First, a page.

UNITED STATES – CHINA RELATIONS DEMAND TIBET EQUILIBRIUM

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UNITED STATES – CHINA RELATIONS DEMAND TIBET EQUILIBRIUM

US – CHINA RELATIONS DEMAND TIBET EQUILIBRIUM. PRESIDENT TRUMP MUST ACCEPT THE ROLE OF BALANCER.

In 1971, United States during Doomed Presidency of Nixon-Kissinger initiated a Policy that disregards the Doctrine of Balance of Power which formulates a system of international relations in which nations shift alliances to maintain an Equilibrium of Power and prevent dominance by any single state. For Balance of Power is the goal of Foreign Policy, nation can enter alliances to maintain stable power relations. Balance of Power describes the posture and policy of a nation or group of nations protecting itself against another nation or group of nations by matching its power against the power of the other side. States can pursue a policy of Balance of Power in two ways; 1. By increasing their own power, as when engaging in an armaments race or in the competitive acquisition of territory; or, 2. By adding to their power that of other states, as when embarking upon a policy of alliances. The role of “BALANCER” or “Holder of the Balance” is guided by one and only one consideration – the maintenance of “BALANCE” itself.

US – CHINA RELATIONS DEMAND TIBET EQUILIBRIUM. CHINA’S MILITARY BUDGET IS EXPANDING TAKING FULL ADVANTAGE OF US – CHINA TRADE DEFICIT.

In my analysis, with emergence of Red China as a major economic and military power of the world, Balance of Power is by necessary has become the focus of United States foreign relations. The geographical location and size of Tibet’s territory give it a predominant role in formulating US relations with all other nations of that region in Asia. For example, the size of China’s immediate neighbors is as follows:

1.Tibet – 965,000 square miles

2. Japan – 142, 811 square miles

3. North Korea – 46, 540 square miles

4. South Korea – 38, 321 square miles

5. Philippines – 115, 830 square miles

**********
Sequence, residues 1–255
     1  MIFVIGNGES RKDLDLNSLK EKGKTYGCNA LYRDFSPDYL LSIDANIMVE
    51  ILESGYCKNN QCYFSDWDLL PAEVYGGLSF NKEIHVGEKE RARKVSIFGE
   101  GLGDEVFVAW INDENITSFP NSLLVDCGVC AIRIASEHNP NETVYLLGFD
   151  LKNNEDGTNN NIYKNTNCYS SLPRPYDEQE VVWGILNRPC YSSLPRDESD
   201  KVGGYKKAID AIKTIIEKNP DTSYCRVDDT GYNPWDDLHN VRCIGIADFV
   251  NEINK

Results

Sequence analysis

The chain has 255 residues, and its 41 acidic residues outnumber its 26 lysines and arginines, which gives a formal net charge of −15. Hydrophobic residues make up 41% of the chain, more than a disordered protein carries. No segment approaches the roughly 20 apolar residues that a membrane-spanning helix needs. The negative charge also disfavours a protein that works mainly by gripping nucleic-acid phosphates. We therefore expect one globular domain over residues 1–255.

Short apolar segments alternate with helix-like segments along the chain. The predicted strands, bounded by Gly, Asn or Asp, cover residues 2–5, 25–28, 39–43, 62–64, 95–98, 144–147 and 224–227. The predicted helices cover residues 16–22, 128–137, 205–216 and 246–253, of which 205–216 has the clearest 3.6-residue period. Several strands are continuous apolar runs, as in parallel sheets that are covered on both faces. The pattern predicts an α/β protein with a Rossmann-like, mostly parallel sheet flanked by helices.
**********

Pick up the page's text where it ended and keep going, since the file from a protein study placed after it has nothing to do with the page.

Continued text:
6. Taiwan – 13, 885 square miles

7. Malaysia – 128, 430 square miles

8. Indonesia – 741, 096 square miles

9. Brunei – 2, 228 square miles

United States has no choice other than that of upholding the principle of Balance of Power to defend vital, national security interests. US must perform the role of “BALANCER” or Holder of the Balance by restoring Tibet Equilibrium. Tibetan territory cannot remain under Red China’s military occupation.

Rudranarasimham Rebbapragada

DOOM DOOMA DOOMSAYER

TIBET SUPPORTERS CONVERGE ON CAPITOL HILL TO LOBBY CONGRESS

March 31, 2017 7:22 PM

  • VOA News

    FILE – The U.S. Capitol building is seen on Capitol Hill in Washington, Jan. 28, 2014.

    More than 130 people from 23 states converged on Capitol Hill to lobby for Tibet the week before Chinese President Xi Jinping is scheduled to meet with President Donald Trump at his Mar-a-Lago retreat in Florida on April 6.

    Although the leaders’ meeting is expected to focus on trade and the need for China to do more to rein in the nuclear and missile programs of its neighbor and ally North Korea, Tibet remains a contentious issue between the two nations.

    “Congress has shown a strong interest in Tibet since the 1980s, passing dozens of laws and resolutions related to Tibet, speaking out about conditions in Tibet, and welcoming visits by the Dalai Lama,” according to a 2014 report by the Congressional Research Service. “Such actions have long been a source of friction in the U.S.-China relationship. China charges that they amount to support for challenges to Chinese rule in Tibet.”

    US – CHINA RELATIONS DEMAND TIBET EQUILIBRIUM.